This latest Civitas publication on the field of Criminal Justice seems sadly to be a case of treading water. It is gossipy and is the result of a whole host of interviews strung together for their anecdotal impact. Rather like an extended op-ed piece bemoaning the state of society at large. It points to solutions, along the lines of elected police chiefs a la US but not much more.
Yes Ms Sergeant hits all the right spots on the pointlessness of targets and the ineffectualness of the Crown Prosecution Service but to anybody who has read David Fraser or Peter Hitchens on crime and policing in Britain then nothing here feels knew. It makes a slightly more academic postscript to David Copperfield's 'Wasting Police Time'.
To be fair some of the anecdotes are priceless such as the CPS lawyer talking to a,
"group of incredulous police sergeants: 'Well of course I take disorder on our streets seriously. I have seen it on TV. It looks awful'.Its key points are that nobody, apart from maybe some of the political senior police officers and their Home office minders are happy. The police on the ground are being pulled from pillar to post by the Sisyphean task of responding to targets and dictates. The public are utterly disillusioned by the way in which they are first ignored and then ill treated. The fundamental deceit of community policing due to resource reallocation and the hidebound way in which the justice system works when it is out of police hands.
It finishes with the Nine Principles of Policing, often called Peels Nine Principles but, we the author thinks drawn up by Charles Rowan and Richard Mayne, the first joint Commissioners of the Metropolitan Police in the years preceding 1850. They are of course unarguable, and therefore ignored.
1. To prevent crime and disorder, as an alternative to their repression by military force and severity of legal punishment.
2. To recognise always that the power of the police to fulfil their functions and duties is dependent on public approval of their existence, actions and behaviour and on their ability to secure and maintain public respect.
3. To recognise always that to secure and maintain the respect and approval of the public means also the securing of the willing co-operation of the public in the task of securing observance of laws.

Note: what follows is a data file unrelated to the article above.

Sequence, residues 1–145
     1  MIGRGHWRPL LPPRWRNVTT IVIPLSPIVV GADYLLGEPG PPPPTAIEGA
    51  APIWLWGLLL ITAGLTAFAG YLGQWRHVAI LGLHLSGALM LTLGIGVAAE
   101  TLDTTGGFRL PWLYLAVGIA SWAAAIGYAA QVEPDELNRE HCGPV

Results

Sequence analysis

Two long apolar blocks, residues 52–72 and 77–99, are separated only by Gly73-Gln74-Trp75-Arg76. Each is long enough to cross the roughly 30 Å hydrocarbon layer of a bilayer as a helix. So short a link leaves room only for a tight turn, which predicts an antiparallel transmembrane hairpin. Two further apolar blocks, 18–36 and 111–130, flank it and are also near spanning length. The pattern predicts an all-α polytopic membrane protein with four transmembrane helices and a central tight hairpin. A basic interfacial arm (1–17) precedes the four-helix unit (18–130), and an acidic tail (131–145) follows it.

4. To recognise always that the extent to which the co-operation of the public can be secured diminishes proportionately the necessity of the use of physical force and compulsion for achieving police objectives.
5. To seek and preserve public favour, not by pandering to public opinion; but by constantly demonstrating absolutely impartial service to law, in complete independence of policy, and without regard to the justice or injustice of the substance of individual laws, by ready offering of individual service and friendship to all members of the public without regard to their wealth or social standing, by ready exercise of courtesy and friendly good humour; and by ready offering of individual sacrifice in protecting and preserving life.
6. To use physical force only when the exercise of persuasion, advice and warning is found to be insufficient to obtain public co-operation to an extent necessary to secure observance of law or to restore order, and to use only the minimum degree of physical force which is necessary on any particular occasion for achieving a police objective.
7. To maintain at all times a relationship with the public that gives reality to the historic tradition that the police are the public and that the public are the police, the police being only members of the public who are paid to give full time attention to duties which are incumbent on every citizen in the interests of community welfare and existence.
8. To recognise always the need for strict adherence to police-executive functions, and to refrain from even seeming to usurp the powers of the judiciary of avenging individuals or the State, and of authoritatively judging guilt and punishing the guilty.
9. To recognise always that the test of police efficiency is the absence of crime and disorder, and not the visible evidence of police action in dealing with them.